In response to the two links you made reference to:
Got Questions is not a Calvinistic Protestant denomination. The views expressed in that article about the series of ‘Left Behind’ novels and films is not Calvinistic. Got Questions supports a pre-tribulational rapture position and interprets the events in Revelation literally. However, Got Questions admits that the pre-tribulation view has flaws:
One perceived weakness of pretribulationism is its relatively recent development as a church doctrine, not having been formulated in detail until the early 1800s. Another weakness is that pretribulationism splits the return of Jesus Christ into two “phases”—the Rapture and the Second Coming—whereas the Bible does not clearly delineate any such phases. Source: https://www.gotquestions.org/pretribulationism.html
Are all the elect raptured before the Tribulation, according to Calvinists? Herein lies the danger of sticking labels onto Christians, especially when it comes to “Calvinists”. The views expressed by Got Questions are not necessarily the views held by most Christians who identify with Calvinism. The views expressed by Got Questions support a pre-tribulation rapture and a literal thousand year reign of Christ on earth. This is not based on “Calvinism”.
Calvin said the elect are kept, in faith, by the almighty power of God. The doctrine of the Perseverance of the Saints, or the Security of Believers, shows how the elect who are set apart by the Spirit and persevere to the end – those who are given true, living faith in Christ – are secure and safe in Him. They have been sealed with the Holy Spirit and have been given the guarantee of their salvation. Calvin had nothing to say about the elect being raptured prior to the Tribulation. Here are some Bible verses used in the book “The Five Points of Calvinism Defined, Defended, Documented –by David N. Steele and Curtis C. Thomas, pp 56-60 (published 1963):
I do not pray that thou should take them out of the world, but that thou should keep them from the evil one (John 17:15).
Since therefore we are now justified by his blood, much more shall we be saved by him from the wrath of God (Romans 5:8-10).
Who shall separate us from the love of Christ? Shall tribulation, or distress, or famine, or nakedness, or peril, or sword? As it is written, ‘For thy sake we are being killed all day long; we are regarded as sheep to be slaughtered” (Romans 8:35-39).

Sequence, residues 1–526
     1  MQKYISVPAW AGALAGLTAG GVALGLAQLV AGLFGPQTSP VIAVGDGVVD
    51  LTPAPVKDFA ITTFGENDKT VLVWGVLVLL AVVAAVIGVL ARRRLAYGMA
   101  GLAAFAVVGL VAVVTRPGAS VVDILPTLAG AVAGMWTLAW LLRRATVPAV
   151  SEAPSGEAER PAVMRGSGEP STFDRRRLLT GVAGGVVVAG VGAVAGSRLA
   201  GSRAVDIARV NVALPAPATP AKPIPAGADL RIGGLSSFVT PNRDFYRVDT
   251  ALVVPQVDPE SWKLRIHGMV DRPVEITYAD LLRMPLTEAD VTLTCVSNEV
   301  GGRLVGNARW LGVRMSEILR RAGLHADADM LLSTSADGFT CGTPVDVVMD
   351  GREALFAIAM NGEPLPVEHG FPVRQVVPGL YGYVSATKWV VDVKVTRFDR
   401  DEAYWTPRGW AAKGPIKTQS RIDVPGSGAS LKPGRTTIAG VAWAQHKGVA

Were those first Christian saints, those of the elect, spared from trials and tribulations? No, they were not. Since the Church Age began (with the ascension of Christ Jesus to heaven) till Christ returns, with the angels, God’s people will continue to be persecuted and experience hardships. The promise is that the saints will be preserved, that they will not have to face the judgment of God. There is no mention of them being raptured during the Tribulation.
Associated with the relatively new teaching of the Rapture is ‘Dispensationalism’ - a theological system that emphasizes the literal interpretation of Bible prophecy, recognizes a distinction between Israel and the Church, and organizes the Bible into different dispensations or administrations. Dispensational theology was not formalized until John Nelson Darby began teaching it in the mid-1800s. Dispensational theology first became popular in the days of Cyrus Scofield with the publication of the Scofield Reference Bible in the early 1900s.
As others have pointed out in their answers to your question, most Reformed Protestant churches do not support a pre-millennial rapture of the saints prior to the Great Tribulation and the return of Christ Jesus. Neither do they support the idea of Christ returning to earth to rule from Jerusalem for 100,000 years with a revived priesthood, temple and animal sacrifices. Such ideas turned up some 300 years after John Calvin’s death and can not be attributed to him.